By Don Ingwerson
Have you ever experienced a day in which you weren’t somewhat bored? Until recently, boredom wasn’t really challenged but rather just accepted as part of one’s day. Most people accept some boredom as long as it is offset with experiences of joy and excitement.
Presently, boredom is receiving more attention as a source of health and emotional concerns. New studies are finding that boredom is pervasive throughout society and can encourage unhealthy attitudes and poor lifestyle choices. Marc Learner, who successfully fought a chronic illness for over 29 years, describes boredom as: “… getting stuck in your mind with nothing to do and lacking the courage to explore the unknown.”
With the high incidence of boredom found in society, Thomas Goetz, a professor of empirical educational research at the University of Konstanz in Germany, and colleagues studied the effects of boredom on high school and college students. This study, published in Motivation and Emotion, points out that boredom is common among high school students and
Not only are these boredom-spurred lifestyle choices unhealthy, but studies have also linked boredom with stress and other health problems.
In his study, Goetz started with the understanding that there were four forms of boredom: indifferent, calibrating, searching, and reactant. Reactant boredom was considered the most serious as it takes the form of depression. However, during the study a new form of boredom was found – apathetic, which takes the form of aggression. When apathetic boredom and reactant boredom are experienced together, they are found to be very damaging to health if not treated.
Researchers Mark Fenske and John Eastwood found that boredom can be a sign of more serious problems. Drug and alcohol abuse counselors know that patients relapse when faced with boredom, and boredom is related to addiction, gambling, eating problems, and other chronic problems. Because boredom is an underlying cause of many of society’s ills, understanding the link between the mind and the body is imperative.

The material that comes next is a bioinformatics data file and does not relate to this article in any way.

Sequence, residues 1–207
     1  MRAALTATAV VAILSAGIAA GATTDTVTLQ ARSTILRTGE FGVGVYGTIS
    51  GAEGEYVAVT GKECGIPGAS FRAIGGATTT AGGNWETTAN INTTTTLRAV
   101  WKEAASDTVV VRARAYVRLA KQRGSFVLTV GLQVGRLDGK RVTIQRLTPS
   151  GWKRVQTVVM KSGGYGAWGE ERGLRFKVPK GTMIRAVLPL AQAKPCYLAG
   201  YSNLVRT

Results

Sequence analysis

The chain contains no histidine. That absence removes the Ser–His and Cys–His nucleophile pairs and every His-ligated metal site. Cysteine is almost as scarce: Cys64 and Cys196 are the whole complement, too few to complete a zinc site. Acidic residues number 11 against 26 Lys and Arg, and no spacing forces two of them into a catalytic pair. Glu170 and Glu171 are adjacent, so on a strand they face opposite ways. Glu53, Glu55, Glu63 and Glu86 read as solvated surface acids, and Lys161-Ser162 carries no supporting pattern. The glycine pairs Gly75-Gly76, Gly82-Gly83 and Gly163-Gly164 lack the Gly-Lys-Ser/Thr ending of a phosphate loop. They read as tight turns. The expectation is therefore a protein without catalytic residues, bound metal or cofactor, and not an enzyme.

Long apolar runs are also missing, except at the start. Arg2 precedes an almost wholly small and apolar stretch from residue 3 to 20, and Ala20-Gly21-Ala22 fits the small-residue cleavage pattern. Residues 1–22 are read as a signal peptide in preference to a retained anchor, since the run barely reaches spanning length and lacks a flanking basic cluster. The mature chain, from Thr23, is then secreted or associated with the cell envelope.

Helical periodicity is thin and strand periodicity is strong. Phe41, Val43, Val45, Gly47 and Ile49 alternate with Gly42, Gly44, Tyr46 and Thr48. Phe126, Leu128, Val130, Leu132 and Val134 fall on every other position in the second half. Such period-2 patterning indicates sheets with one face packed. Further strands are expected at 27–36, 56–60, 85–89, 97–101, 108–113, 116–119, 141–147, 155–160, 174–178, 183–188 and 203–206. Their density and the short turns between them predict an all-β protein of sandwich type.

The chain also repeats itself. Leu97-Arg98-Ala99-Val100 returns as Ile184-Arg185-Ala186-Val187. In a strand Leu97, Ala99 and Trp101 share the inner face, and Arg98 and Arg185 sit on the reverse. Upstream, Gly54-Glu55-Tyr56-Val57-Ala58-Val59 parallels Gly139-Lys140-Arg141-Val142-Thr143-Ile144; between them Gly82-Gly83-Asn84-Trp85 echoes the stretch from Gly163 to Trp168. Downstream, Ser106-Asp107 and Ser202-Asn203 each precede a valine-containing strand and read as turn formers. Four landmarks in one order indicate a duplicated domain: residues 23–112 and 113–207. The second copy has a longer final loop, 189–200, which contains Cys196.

One way to combat boredom is through spiritual cultivation. Jesus’ command to take heed – or stay awake – is an important reminder that spiritual attentiveness resists the slide into boredom. This “staying awake” can be found through meditation, prayer, or mindfulness.
Writer Lonnette Harrell agreed with this idea when she stated, “when people don’t have time alone with their thoughts, they often lack spirituality as well. If we are going to take time to meditate on why we are here, and what our purpose in life is, then we must have time alone, with our thoughts, to do so. God speaks to us in a still, small voice, and that voice is at peril of being completely drowned out by ring-tones, YouTube, TV, DVDs. CDs, iPods, computer games, etc. The Bible says, ‘Be still, and know that I am God.’ Not many of us even know what it means to be still anymore.”
Enjoying life without boredom is unquestionably a challenge. But there are steps that can be taken to reduce boredom and its resultant chronic problems. Practice starting the day with a quiet time to help cultivate a more spiritual and meaningful day. Meditation and prayer calm the mind and can lead to a more balanced scheduling of activities, which allows for the inclusion of gratitude, child-like wonder, and other health-giving qualities. There are probably many ways to prevent boredom, but as I see it, it is the result of prayer and meditation, words that describe, at least in this instance, a conscious effort to identify with the transformative presence of God-given good.The use of prayer and meditation in this situation is not so much for God to do something special for me but more the recognition of what God has already done and continues to do.
Article first published in Blogcritics.